01 - Silenced, September 5, 2010

2 Corinthians 4:6-15

Matthew 22:35-46

St Matthew tells us that the Pharisees came to Jesus not to ask an innocent question but to entrap Him. Read St Matthew’s text more closely, however, and we’ll see that even more than this is taking place.

St Matthew writes: “When the Pharisees heard that Jesus had silenced the Sadduccees…” This word, silenced, is the same word Jesus uses in His parable we read in last Sunday’s Gospel to describe the guest who got into the marriage feast of the King’s Son without a wedding garment. When the King confronted the guest for having no wedding garment, the guest was “silenced”. This is the same word St Matthew uses this morning to describe the Sadducees as being silenced by Jesus when, in the Gospel passage that immediately precedes this morning’s Gospel, He proved the resurrection to them from the OT. (The Sadducees did not teach the resurrection.) The Pharisees, obviously, believed they would fare much better than the Sadducees when they asked Him, what is the great commandment in the Law?

 A historical detail from the Judaism of Jesus’ day may illumine why this was a loaded question. In Jesus’ day, there were two main schools of rabbinic teaching: the school of Hillel and the school of Shammai. Both rabbis flourished in the first century BC. The differences between the two rabbis are illustrated in this story told of them: A Gentile came to Shammai and asked him to explain the Torah while he stood on one foot. Shammai, whose teaching was much more strict and demanding than was Hillel’s, answered the Gentile by dismissing him. The Gentile went to Hillel. Standing on one foot, Hillel said: What is hateful to you, do not do to your fellow. This is the whole Torah. The rest is explanation. Go and learn.

You can see that the teaching of Hillel was closer than was Shammai’s to the teaching of Jesus. In this morning’s Gospel, the Pharisees come to Jesus as the Gentile had come to Shammai and Hillel. Jesus answers the Pharisees with a teaching very similar to what Hillel gave to the Gentile; but then, more like Shammai, Jesus denounces the Pharisees as Shammai had dismissed the Gentile. First, He answers the Pharisees, and so shows them respect as rabbis of the Law; but then, He immediately exposes their hypocrisy by asking them about the Messiah, or the Christ. If the Christ is David’s Son, He asks them, then how does David say to Him: “My Lord”?  The Pharisees, says St Matthew, were not able to answer Jesus a word. They were, in effect, silenced like the Sadducees before them, and in a way dismissed like the Gentile who came to Shammai. Moreover, St Matthew says, no one dared from that day on to ask Jesus anymore questions.

But, as I said, far more is happening here than disagreement over interpretations of the Law. The school of Shammai did not agree with the school of Hillel, but their disagreements only provoked livelier and, no doubt, louder debates. Neither school was able to silence the other. More than that, the two schools in their sharp disagreement did not for that reason go looking to put the teacher of the other school to death as the Pharisees and Sadducees sought to put Jesus to death.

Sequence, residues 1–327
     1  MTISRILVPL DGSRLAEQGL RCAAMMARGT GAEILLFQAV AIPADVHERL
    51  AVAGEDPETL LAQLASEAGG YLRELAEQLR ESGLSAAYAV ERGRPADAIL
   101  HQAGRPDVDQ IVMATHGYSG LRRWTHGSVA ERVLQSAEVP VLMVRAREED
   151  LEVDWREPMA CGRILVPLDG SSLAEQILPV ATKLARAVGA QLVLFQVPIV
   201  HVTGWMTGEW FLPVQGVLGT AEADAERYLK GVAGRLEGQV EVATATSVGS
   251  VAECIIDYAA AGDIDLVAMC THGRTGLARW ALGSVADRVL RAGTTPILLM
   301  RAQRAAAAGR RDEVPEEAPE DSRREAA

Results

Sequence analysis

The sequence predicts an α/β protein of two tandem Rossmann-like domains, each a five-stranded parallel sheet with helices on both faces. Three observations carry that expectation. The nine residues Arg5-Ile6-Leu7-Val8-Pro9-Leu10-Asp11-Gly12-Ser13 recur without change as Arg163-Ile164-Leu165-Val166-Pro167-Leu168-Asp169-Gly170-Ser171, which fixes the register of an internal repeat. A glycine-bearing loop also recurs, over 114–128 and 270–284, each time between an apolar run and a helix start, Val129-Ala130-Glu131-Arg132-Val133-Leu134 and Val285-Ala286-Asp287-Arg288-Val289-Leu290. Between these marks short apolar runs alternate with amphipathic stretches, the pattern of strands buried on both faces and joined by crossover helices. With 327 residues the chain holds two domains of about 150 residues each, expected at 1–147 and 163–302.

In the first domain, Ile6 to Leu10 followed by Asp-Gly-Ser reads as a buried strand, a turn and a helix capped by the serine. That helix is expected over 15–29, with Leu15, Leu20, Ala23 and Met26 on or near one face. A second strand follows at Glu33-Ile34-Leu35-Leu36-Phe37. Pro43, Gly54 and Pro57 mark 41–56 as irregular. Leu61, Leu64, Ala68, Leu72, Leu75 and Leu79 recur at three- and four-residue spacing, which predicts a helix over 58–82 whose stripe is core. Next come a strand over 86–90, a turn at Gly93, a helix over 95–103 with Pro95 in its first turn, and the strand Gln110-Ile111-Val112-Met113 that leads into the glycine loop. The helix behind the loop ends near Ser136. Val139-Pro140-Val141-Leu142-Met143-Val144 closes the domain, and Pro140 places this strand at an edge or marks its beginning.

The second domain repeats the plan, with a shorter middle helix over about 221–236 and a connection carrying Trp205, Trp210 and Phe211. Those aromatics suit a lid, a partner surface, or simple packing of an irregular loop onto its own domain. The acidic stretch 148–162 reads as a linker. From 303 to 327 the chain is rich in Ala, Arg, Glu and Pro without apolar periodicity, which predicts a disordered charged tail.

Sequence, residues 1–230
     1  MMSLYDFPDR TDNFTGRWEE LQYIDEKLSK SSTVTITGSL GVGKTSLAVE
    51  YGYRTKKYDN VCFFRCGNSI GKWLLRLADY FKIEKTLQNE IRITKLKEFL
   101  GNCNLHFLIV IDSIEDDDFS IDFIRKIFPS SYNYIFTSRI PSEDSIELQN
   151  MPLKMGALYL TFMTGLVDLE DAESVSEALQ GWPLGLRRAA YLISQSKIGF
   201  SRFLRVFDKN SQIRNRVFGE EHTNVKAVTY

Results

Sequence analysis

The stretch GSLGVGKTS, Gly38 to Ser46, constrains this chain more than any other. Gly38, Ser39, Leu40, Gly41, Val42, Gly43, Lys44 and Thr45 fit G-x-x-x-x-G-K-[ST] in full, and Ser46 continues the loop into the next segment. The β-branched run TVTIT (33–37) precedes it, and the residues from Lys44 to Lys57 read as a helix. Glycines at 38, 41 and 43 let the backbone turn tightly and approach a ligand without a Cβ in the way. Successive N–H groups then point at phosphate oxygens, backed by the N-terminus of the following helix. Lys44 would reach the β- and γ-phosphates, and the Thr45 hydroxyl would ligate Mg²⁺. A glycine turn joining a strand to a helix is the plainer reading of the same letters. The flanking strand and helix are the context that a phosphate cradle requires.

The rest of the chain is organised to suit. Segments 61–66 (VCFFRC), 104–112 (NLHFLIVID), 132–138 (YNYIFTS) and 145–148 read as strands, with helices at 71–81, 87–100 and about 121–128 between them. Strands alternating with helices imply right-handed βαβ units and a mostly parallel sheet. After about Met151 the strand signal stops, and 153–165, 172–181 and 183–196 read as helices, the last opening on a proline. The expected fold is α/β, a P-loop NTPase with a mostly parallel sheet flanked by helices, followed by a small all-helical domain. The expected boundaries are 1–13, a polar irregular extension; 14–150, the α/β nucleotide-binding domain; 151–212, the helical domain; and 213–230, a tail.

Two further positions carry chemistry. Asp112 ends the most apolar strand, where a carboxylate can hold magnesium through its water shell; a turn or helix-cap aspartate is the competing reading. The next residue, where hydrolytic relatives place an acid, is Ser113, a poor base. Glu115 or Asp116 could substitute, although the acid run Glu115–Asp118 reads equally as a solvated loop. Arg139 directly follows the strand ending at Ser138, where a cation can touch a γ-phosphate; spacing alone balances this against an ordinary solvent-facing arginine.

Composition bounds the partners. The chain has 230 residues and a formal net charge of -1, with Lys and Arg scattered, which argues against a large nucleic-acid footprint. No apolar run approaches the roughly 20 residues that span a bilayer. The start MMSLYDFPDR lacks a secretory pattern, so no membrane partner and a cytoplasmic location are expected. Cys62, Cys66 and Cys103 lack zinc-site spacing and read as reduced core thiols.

To those who know the OT scriptures, as did the Pharisees – and this is the great irony clearly visible – it is very clear that what is happening beneath the surface in this series of exchanges recorded by St Matthew between Jesus and the Pharisees is that the Last and Terrible Day of the Lord’s Judgment, which the prophets foretold, has begun. And, Jesus is the Lord, the Divine Judge.

We read in the prophet Zephaniah: “Be silent before the Lord God! For the day of the Lord is at hand; the Lord has prepared a sacrifice and consecrated his guests.”[1] (“The Lord has prepared a sacrifice and consecrated His guests.” It seems to me that this sacrifice of Zephaniah is the wedding feast of Jesus’ parable we read last Sunday. Like a Bridegroom, Christ consummates His union with His Bride Israel on the bridal bed of His Cross. By His perfect sacrifice on the Cross, He consecrates His Bride – He declares her holy and He dedicates her to Himself – and in the water and blood that pour forth from His side, He pours out the divine life of His Holy Spirit on the guests, those who believe in Him and have united themselves to Him in faith and in love through repentance, confession of faith and holy Baptism. In other words, He clothes them with a wedding garment by their union with Him in the waters of their Holy Baptism.)

We can be sure that the Pharisees knew very well these words of Zephaniah, as well as these words of the prophet Zechariah: “Be silent, all flesh, before the Lord; for he has roused himself from his holy dwelling;”[2] and the words of the prophet Habakkuk: “But the Lord is in his holy temple; let all the earth keep silence before him.”[3] These OT passages are referring to the Last Day, when all flesh will be silenced by the Judgment of God.